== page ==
The brewery opened with a golden rye made with organic malt, and is following that with a a porter, a red ale and a turmeric ale, all brewed with with fresh well water from owner Phil Desenne’s five-acre farm.
North Carolina has always had a complicated relationship with alcohol. However, alcohol has consistently been an economic driver in North Carolina, as it still is, with 130 craft breweries as of 2014 – the most of any Southern state. As the craft brewing industry in the region grows into a multimillion-dollar business, the desire to review the statutes and improve communication with state officials has come to the forefront.
Oskar Blues Brewery hosted its 2015 Burning Can ExtravaCANza Friday and Saturday, July 17-18, at its REEB Ranch just outside of Hendersonville. Despite some complications with the North Carolina Alcohol Law Enforcement Department, a few thunderstorms and a blistering-hot afternoon sun, brewers, performers and attendees stuck it out and had a ball.
On March 18, Wicked Weed brews flowed from taps set up in a Candler parking lot — the future home to the local brewery’s new, 40,000-square-foot production facility. The groundbreaking celebration began at 3 p.m. on Wednesday, with an afterparty at the Funkatorium, home to Wicked Weed’s barrel-aged sour beers.
Innovation Brewing in Sylva reveals its legal fight over conflicting language with a much bigger company — Bell’s Brewery in Kalamazoo, Michigan. The small Sylva brewer received nationwide support following the dispute, sparking both a petition and a GoFundMe page for the microbrewery’s legal fees. The petition has already reached 3,500 signatures.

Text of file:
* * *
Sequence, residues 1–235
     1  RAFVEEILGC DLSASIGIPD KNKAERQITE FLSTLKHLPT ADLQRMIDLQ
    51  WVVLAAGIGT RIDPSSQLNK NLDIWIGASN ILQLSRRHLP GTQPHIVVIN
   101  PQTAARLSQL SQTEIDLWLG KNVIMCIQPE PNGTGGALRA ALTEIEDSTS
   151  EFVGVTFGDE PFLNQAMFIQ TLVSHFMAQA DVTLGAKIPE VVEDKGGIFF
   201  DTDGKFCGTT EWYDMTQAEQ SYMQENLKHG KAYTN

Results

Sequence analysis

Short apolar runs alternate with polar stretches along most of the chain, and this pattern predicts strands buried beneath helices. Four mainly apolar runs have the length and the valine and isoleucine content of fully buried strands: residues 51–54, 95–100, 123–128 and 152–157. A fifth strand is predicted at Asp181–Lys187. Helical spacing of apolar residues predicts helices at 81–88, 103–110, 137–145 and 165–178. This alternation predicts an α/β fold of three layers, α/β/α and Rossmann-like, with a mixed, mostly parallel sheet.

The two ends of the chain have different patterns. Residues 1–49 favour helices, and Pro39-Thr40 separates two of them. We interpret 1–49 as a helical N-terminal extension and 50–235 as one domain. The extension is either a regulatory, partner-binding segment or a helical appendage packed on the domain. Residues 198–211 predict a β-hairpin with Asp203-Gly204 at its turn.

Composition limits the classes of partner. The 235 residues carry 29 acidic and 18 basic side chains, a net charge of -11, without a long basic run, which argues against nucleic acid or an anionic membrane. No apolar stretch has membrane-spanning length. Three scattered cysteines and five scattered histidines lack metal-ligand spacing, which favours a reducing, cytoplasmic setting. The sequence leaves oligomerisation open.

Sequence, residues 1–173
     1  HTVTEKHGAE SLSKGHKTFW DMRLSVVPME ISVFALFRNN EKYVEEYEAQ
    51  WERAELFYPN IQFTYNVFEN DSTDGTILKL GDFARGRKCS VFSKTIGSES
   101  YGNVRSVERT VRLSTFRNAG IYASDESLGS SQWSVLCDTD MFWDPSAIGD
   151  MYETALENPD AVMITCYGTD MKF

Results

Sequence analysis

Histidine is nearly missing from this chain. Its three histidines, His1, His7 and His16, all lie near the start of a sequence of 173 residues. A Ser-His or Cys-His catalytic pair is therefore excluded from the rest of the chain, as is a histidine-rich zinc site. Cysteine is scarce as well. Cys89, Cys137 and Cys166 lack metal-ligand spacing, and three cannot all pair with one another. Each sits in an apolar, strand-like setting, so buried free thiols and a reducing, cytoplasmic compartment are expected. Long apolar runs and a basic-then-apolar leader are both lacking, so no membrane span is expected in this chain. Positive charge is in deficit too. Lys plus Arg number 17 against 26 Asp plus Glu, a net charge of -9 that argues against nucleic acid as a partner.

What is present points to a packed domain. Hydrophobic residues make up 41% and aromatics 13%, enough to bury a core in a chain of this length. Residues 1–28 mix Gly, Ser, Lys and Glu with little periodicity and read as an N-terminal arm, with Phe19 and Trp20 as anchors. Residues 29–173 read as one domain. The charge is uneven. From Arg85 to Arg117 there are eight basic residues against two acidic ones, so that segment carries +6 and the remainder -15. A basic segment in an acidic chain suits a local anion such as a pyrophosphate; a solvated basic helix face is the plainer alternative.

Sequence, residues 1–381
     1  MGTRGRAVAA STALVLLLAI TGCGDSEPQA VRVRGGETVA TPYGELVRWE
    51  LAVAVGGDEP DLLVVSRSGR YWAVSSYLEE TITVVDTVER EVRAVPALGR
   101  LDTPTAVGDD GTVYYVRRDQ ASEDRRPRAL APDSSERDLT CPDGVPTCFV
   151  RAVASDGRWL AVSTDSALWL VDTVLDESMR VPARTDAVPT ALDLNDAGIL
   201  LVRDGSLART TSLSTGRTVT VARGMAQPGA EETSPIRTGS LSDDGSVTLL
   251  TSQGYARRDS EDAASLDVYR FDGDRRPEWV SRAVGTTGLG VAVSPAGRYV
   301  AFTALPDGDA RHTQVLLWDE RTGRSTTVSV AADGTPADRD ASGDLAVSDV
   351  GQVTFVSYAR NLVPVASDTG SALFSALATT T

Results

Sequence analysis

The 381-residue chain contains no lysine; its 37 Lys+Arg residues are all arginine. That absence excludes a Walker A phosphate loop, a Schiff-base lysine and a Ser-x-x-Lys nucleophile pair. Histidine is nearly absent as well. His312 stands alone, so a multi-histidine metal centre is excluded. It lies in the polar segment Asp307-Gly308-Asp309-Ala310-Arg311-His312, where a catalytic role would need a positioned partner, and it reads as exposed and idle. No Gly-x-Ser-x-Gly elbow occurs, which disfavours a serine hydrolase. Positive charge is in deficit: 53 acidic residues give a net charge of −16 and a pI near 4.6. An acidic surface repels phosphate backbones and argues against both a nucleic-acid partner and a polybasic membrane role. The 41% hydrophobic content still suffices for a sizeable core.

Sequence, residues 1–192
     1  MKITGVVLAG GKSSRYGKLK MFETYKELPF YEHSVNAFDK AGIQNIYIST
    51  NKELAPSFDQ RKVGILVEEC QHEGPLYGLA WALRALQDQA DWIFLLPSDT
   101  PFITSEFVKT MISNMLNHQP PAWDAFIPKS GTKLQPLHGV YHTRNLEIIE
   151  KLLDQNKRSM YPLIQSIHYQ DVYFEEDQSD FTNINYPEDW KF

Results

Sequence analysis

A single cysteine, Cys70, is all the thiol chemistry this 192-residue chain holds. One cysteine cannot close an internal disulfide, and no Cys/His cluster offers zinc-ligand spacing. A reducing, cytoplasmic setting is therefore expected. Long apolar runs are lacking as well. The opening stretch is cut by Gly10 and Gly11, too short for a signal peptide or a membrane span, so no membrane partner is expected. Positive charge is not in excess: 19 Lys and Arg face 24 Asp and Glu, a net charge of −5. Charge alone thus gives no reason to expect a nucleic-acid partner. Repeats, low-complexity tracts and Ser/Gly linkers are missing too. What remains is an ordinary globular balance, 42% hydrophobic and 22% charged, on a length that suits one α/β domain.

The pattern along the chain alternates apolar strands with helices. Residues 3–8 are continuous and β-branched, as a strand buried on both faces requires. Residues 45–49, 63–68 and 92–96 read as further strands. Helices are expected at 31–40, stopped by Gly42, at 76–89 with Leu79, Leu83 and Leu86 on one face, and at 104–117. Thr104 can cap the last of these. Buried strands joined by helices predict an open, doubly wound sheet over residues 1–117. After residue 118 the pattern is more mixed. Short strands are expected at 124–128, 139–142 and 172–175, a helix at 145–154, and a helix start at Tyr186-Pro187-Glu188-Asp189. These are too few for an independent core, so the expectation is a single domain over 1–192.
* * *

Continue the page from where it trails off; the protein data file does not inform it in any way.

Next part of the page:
The Junction is one of several local businesses, including restaurants and smaller breweries, forming grassroots partnerships with New Belgium Brewing as the beer giant digs in to open its new facility in the River Arts District. Pictured is Tanya Triber, co-owner of The Junction.
Catawba Brewing Company welcomed the new year with an update on its plans to open a second brewing facility and tasting room in Asheville. The Morganton-based brewery had begun renovations last summer on a building at 2 Fairview Road in the Biltmore Village area but city of Asheville officials put a halt to the project.
Chances are you can name a beer or two from your favorite Asheville breweries, but It’s perhaps more difficult to name the last beer you drank made with Riverbend Malt House’s malt.
Coming on the tail of announcements that two big-deal craft breweries (Sierra Nevada and New Belgium) are coming to town, the timing couldn’t be any better. See the full, still-tentative schedule in this post.
Pisgah’s here. Wedge is here — aloof rock stars of Asheville beer, confident and not entirely lacking in swagger. French Broad is the proletariat of the scene, big and gentle, unstylish, a touch shambling. Highland: the jetsetter, slick and self-assured. All is revelry, echolalic chatter drowning out the jazz trio.
Nothing wrong with getting educated … about beer, with informal discussion led by a panel of Asheville’s beer enthusiast.
According to Thirsty Monk owner Barry Bialik, Sierra Nevada Brewing CEO Ken Grossman told Asheville brewers that Sierra Nevada is considering a 50-acre site on French Broad River, but no decision has been made yet.
Greg Koch is one of country’s leading impassioned craft-beer brewers, and he’s coming to Asheville on Oct. 28 to brazenly promote his latest book and discuss craft beer.
Our Brews News reporter takes to the streets to find out just how many ounces of craft beer you get for your cash.
Go west, beer lovers, to sample the creations of yet another new Western North Carolina brewery in the works.
In local beer news: Craggie Brewing hopes to receive a temporary license soon; more local food entrepreneurs are using craft beer in their recipes; Oktoberfest tickets are almost sold out and did you know there’s no such thing as “happy hour” in North Carolina? That and more in this week’s Brews News.